Verma acknowledged that it’s possible some of the lesions may not be permanent. “Can there be reversible areas? Absolutely there can be. And how we measure that, how we know that, is still a little bit of an area of investigation.”
For Shivkumar, future studies of PFA will need to focus on how best to deliver the energy, where to ablate, and which patients should or should not be treated in this way.
Still, despite the need for further research, there is excitement around the potential for shorter procedures, which will allow more patients to be treated, he said, predicting that electrophysiologists will start shifting toward PFA when the technologies gain regulatory approval. “The biggest excitement comes from the scalability of this,” he said. “More people can be treated in a shorter duration of time with a reasonably high level of efficacy.”
Taking a longer-term view, Verma said “this is really the first generation of pulsed-field ablation, so I think as pulsed-field ablation gets more optimized, as we start to see it on different platforms, we’re probably going to see even better efficacy rates in the future.” He added that there will need to be RCTs comparing PFA with traditional ablation techniques to see if there are important differences.
Based on some of the expected advantages with PFA—including shorter and potentially safer procedures—Verma predicted that “pulsed-field is going to, over the next 5 to 10 years, take over the majority of the [ablation] market.” But, he said, thermal ablation will still have a role, because it’s not yet known how PFA will perform for conditions like supraventricular and ventricular tachycardia, for example.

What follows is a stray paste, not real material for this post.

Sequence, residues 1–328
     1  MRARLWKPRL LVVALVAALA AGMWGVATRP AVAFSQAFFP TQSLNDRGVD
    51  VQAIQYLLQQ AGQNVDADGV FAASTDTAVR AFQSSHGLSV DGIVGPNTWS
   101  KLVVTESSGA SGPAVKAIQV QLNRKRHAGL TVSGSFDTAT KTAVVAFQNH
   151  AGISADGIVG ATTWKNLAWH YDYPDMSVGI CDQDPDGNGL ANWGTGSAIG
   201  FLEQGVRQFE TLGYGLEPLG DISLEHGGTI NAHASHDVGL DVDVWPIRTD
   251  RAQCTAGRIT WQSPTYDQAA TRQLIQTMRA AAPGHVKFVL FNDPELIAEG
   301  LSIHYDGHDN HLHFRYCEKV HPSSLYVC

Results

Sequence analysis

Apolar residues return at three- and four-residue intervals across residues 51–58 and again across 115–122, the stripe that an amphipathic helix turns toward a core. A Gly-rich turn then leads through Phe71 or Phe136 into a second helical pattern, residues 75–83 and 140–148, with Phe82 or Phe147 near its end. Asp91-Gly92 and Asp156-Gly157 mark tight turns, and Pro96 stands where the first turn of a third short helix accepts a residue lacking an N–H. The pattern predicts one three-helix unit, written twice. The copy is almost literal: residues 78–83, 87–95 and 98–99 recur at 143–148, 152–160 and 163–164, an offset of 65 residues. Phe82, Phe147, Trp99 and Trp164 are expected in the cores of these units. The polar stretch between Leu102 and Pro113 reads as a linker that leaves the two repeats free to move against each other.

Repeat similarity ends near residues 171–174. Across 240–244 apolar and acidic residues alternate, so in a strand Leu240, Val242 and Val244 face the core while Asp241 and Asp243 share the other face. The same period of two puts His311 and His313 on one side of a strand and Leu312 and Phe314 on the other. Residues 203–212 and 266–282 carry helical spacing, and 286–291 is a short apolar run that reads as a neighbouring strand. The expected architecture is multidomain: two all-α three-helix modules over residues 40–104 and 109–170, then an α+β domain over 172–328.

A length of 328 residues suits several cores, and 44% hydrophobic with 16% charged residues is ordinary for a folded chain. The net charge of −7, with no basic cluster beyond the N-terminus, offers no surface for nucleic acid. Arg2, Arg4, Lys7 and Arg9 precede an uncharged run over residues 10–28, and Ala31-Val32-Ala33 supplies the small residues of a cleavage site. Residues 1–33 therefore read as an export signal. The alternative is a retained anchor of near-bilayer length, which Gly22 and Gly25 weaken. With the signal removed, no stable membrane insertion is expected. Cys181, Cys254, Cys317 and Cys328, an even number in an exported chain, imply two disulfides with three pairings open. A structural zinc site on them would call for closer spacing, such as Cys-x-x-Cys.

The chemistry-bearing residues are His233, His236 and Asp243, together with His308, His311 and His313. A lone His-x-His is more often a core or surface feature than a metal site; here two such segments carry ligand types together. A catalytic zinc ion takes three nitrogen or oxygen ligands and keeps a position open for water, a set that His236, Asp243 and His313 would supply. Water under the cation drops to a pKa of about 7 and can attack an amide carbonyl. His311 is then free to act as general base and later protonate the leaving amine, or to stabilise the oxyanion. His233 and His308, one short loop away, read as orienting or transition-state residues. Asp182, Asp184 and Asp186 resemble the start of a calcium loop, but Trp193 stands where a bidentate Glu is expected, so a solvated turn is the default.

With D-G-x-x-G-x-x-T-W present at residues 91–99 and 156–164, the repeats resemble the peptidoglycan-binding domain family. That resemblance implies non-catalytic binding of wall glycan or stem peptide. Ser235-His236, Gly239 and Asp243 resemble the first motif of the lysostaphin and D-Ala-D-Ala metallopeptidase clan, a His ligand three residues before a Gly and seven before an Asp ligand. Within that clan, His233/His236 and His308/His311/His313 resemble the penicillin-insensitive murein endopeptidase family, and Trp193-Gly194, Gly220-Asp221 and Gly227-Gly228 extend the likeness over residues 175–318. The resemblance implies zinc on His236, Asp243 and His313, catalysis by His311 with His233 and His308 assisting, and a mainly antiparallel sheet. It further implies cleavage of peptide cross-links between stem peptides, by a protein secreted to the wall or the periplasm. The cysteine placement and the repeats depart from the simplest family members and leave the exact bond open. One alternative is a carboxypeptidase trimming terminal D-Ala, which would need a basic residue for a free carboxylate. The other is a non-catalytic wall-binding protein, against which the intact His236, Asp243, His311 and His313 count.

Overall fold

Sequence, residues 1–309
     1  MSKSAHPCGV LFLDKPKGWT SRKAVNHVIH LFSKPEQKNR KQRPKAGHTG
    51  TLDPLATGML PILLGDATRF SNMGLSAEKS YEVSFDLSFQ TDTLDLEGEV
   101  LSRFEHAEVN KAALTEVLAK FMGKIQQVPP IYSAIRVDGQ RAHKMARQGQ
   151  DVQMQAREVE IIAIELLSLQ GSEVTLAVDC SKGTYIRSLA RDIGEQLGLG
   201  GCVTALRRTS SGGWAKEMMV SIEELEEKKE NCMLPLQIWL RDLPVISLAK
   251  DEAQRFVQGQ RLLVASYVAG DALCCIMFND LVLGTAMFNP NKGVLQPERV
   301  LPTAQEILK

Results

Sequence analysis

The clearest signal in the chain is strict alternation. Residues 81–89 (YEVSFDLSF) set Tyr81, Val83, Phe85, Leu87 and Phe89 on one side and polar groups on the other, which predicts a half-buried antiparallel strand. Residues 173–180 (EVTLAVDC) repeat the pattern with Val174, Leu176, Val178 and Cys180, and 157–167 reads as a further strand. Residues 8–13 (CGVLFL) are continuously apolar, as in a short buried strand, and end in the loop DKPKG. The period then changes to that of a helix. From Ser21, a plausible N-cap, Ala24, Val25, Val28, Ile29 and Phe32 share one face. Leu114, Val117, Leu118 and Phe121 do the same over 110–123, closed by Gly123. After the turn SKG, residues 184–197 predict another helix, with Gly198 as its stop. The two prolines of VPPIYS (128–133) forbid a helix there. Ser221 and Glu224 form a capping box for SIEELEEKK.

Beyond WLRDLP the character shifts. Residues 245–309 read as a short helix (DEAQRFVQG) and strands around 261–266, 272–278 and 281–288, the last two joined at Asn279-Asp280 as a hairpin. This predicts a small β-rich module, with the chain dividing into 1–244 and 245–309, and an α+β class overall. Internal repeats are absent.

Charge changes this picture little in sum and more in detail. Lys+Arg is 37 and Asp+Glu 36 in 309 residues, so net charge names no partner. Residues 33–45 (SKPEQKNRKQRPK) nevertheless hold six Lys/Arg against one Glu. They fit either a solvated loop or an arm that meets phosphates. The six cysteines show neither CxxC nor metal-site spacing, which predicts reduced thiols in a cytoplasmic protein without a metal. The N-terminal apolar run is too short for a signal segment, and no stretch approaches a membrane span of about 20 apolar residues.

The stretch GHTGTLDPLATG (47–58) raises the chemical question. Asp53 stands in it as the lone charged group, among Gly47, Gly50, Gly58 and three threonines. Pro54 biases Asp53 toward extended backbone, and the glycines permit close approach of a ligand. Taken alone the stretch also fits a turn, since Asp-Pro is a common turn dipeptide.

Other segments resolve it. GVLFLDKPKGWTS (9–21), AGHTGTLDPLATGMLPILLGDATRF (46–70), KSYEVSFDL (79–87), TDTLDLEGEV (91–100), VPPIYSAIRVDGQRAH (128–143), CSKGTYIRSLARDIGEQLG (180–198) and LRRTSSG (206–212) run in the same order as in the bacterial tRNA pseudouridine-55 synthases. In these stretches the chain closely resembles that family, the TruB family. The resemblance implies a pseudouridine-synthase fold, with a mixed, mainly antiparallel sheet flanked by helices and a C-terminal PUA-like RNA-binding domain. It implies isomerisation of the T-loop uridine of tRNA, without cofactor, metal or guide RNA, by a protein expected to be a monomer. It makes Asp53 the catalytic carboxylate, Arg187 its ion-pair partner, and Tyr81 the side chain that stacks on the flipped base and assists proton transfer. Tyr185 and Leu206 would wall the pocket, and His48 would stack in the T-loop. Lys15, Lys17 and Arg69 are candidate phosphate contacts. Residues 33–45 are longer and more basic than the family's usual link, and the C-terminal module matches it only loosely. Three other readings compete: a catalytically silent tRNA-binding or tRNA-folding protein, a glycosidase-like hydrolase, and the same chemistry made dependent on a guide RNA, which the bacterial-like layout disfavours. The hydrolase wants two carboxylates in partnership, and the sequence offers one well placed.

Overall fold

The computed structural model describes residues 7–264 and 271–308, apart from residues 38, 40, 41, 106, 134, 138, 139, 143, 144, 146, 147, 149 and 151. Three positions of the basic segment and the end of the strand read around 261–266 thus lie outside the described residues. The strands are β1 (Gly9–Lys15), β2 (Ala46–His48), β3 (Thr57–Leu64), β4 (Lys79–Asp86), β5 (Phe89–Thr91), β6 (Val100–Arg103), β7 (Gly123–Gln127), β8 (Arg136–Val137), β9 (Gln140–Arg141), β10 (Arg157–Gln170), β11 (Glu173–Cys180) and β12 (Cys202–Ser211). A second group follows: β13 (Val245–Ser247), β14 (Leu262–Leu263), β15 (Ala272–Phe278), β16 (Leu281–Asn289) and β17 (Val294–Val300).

“I don’t think thermal is going to disappear completely, but I think the lion’s share is going to be taken over by pulsed-field ablation for atrial fibrillation,” said Verma.
Verma A, et al. Pulsed field ablation for the treatment of atrial fibrillation: PULSED AF pivotal trial. Circulation. 2023;Epub ahead of print.
- PULSED AF was funded by Medtronic.
- Verma reports consulting for and receiving honoraria/research grants from Biosense Webster and Medtronic; receiving research grants from Biotronik; receiving research grants/honoraria from Bayer; consulting for Kardium; and consulting for and receiving honoraria from Baylis Medical, Medlumics, and Thermedical.
- Shivkumar reported no conflicts of interest relevant to pulsed-field ablation.